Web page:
Far more of my not-really-heteronormatively-beautiful friends are in happy long term relationships, and most of them met their partners through church, volunteer work or activism. A couple met on communist tumblr.

It's not that appearance is totally unimportant, but "appearance that is attractive to me personally" doesn't really match well with "looks normatively beautiful in photos".

In summary, many people are terrible and I do not like any of this.
posted by Frowner at 5:55 AM on November 19, 2019 [56 favorites]


in b4 "Metafilter: In summary, many people are terrible and I do not like any of this."
posted by PMdixon at 6:10 AM on November 19, 2019 [29 favorites]


When articles like this hit the wires, I tell people I am interested to hear what some of my more intelligent friends think on the matter. Really though, what I mean is that I am looking forward to reading the FPP on it.
posted by DirtyOldTown at 6:28 AM on November 19, 2019 [18 favorites]


It's an interesting article, though I agree with many of the criticisms already expressed.

Reductions in marginal and opportunity costs lead individuals to exit potential or new relationships faster, and over time allow individuals to acquire more information about long term mate compatibility. People are less likely to stay in negative relationships, more likely to cut things off when red flags are spotted, and less likely to go on multiple dates when a spark is not there.

Quite a few of the societal trends it describes, if they are true, seem positive, such as people not staying in bad relationships. And while I'm overall not completely convinced by the argument about efficiency and competition, I liked how directly it linked some men's displeasure with modern dating to no longer being able to produce "low effort excess returns":

This can be conceptualized as the market becoming more efficient, which naturally leads to many market participants anecdotally expressing unhappiness with the status quo as they incorrectly identify an inability to produce low effort excess returns as the circumstances being “unfair.”
posted by Dip Flash at 6:47 AM on November 19, 2019 [4 favorites]


OK but the cargo shorts thing was beautiful and true.
posted by turkeybrain at 7:01 AM on November 19, 2019 [5 favorites]


I didn't see it on my not-fully-paying-attention reading of the article, but did they discuss that small online-dating bump around 1982ish? It didn't reach that level again until the early 2000s. What was that about?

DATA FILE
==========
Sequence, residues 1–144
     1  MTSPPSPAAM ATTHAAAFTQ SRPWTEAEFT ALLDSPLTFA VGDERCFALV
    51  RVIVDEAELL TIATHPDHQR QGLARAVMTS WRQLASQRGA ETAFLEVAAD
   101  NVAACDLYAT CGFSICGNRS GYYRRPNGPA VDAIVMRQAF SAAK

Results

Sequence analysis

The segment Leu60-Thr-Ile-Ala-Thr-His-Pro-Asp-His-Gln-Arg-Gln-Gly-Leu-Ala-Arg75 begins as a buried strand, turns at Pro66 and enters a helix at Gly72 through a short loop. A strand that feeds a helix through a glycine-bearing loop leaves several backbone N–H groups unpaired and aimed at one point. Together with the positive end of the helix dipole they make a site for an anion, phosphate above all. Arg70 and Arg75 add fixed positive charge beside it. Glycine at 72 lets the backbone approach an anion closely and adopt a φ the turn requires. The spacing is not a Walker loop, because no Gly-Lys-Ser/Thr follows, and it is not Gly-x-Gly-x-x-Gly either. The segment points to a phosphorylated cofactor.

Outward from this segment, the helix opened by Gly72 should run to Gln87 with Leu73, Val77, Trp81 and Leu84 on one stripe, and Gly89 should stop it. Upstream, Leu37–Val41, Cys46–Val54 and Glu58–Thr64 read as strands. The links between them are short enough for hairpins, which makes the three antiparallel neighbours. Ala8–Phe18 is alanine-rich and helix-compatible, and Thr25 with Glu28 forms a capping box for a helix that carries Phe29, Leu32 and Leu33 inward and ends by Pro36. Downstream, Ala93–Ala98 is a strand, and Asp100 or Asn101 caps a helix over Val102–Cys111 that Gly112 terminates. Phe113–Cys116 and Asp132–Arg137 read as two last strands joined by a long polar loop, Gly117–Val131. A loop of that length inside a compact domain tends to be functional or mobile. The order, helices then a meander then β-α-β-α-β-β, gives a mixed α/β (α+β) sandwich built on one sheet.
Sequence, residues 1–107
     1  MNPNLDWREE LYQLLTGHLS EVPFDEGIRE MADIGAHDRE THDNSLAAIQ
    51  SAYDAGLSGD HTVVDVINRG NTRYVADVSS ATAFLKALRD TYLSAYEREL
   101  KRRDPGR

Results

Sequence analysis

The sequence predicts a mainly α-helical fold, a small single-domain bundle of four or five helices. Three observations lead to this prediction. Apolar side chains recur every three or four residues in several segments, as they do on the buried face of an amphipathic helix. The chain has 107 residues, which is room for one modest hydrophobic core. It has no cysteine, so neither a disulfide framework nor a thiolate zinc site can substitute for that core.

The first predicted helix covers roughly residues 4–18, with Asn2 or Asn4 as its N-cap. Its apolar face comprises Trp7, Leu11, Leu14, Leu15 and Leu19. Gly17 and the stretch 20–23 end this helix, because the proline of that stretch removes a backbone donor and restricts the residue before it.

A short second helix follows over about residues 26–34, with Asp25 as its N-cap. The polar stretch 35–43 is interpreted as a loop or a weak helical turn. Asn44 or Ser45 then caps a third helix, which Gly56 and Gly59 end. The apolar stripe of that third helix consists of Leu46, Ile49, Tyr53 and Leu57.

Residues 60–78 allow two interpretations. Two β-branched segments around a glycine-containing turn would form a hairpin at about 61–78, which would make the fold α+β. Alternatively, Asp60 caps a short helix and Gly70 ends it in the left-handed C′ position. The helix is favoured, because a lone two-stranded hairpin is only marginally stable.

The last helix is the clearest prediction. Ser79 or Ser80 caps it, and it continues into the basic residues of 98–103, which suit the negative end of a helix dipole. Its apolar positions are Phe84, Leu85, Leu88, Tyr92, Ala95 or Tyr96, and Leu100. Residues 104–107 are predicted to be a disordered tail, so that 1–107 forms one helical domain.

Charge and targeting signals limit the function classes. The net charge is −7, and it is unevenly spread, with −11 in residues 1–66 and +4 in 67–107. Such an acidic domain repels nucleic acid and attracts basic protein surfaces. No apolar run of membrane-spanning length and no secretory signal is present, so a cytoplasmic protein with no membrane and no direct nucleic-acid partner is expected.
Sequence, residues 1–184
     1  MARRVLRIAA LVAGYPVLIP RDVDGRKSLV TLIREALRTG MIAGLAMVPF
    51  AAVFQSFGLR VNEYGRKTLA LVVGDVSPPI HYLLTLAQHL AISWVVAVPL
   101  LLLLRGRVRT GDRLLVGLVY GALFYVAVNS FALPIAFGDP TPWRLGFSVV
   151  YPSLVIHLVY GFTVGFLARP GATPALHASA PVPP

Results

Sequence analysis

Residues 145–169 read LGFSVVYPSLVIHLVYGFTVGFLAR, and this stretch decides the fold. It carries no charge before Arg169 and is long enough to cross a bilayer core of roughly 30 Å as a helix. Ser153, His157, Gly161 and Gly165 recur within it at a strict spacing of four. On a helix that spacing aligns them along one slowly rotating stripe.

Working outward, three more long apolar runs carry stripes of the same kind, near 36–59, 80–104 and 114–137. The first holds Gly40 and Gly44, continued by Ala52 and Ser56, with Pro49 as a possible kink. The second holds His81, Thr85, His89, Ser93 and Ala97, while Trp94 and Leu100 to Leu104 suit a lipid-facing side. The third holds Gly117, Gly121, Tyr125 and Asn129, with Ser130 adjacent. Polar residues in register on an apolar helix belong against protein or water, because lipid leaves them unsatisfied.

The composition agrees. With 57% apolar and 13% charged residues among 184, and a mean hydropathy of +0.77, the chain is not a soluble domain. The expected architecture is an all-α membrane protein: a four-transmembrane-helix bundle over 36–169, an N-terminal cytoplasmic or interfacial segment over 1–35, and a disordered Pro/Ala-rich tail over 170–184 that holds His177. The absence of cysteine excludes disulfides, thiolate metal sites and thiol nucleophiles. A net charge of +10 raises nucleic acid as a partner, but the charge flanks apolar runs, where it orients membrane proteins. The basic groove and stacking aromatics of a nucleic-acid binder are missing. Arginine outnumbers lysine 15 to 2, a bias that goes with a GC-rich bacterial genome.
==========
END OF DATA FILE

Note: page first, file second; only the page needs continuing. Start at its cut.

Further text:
posted by snwod at 7:23 AM on November 19, 2019 [2 favorites]


I like the advice for dating at the end.
posted by tdismukes at 7:32 AM on November 19, 2019 [5 favorites]


When I think about dating I have a few parallel trains of thought:

1. It sucks that it's so hard to find a dude who wouldn't be so warped by patriarchal bullshit that he would either dismiss me for Lack of Hotness/Youth/Whatever or want me to be his mommy/maid/emotional support animal.

2. This is probably a necessary transitional phase in hetero gender relations, where the old ways no longer work but newer ways have not yet taken hold. And lots of disruption/loss happens during big societal transitions, so it's not surprising that I might be affected. Lots of people in this boat with me.

3. This still sucks, because I liked being partnered (when it was good).

4. But it's pretty great that I can support myself, can do what I like, and don't have to settle.

5. Online dating looks like a real pain in the ass though.
posted by emjaybee at 7:41 AM on November 19, 2019 [22 favorites]


There's no way I can tell from looking at the graphs, but for the two graphs showing that men perceive the attractiveness of women as a bell curve, whereas women perceive the attractiveness of men as a large mode around 'not very attractive' sloping down sharply -- the implication from the text of the paper is that that's on the one hand men rating only 'prime reproductive age' women, and women rating men of all ages. If I'm right about that, that's a very artificially created asymmetry, isn't it? You take a large group of women who men find unattractive out of the pool of women being rated, and then say that men are less picky about women than women are about men?
posted by LizardBreath at 7:56 AM on November 19, 2019 [8 favorites]


Lizard Breath: I think those graphs are from OKCupid blog posts. They’re the aggregate ratings of men and women in the “online dating pool”. i.e. OKCupid male users’ ratings of women on OKCupid & vice versa.

So they naturally skew young for both genders, because the dating pool skews young. By the time you get to 35 most of your age group has paired off, for good or ill.
posted by pharm at 8:11 AM on November 19, 2019 [3 favorites]